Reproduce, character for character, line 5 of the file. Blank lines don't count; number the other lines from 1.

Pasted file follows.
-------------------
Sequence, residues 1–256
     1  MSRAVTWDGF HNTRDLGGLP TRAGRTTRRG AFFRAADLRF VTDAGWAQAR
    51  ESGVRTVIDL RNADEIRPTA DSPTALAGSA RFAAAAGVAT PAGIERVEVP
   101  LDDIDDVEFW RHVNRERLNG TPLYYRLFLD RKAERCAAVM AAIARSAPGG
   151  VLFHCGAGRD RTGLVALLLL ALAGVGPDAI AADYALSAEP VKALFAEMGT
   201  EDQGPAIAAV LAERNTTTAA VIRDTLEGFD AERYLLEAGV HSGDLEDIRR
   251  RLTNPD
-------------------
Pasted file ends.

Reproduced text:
   151  VLFHCGAGRD RTGLVALLLL ALAGVGPDAI AADYALSAEP VKALFAEMGT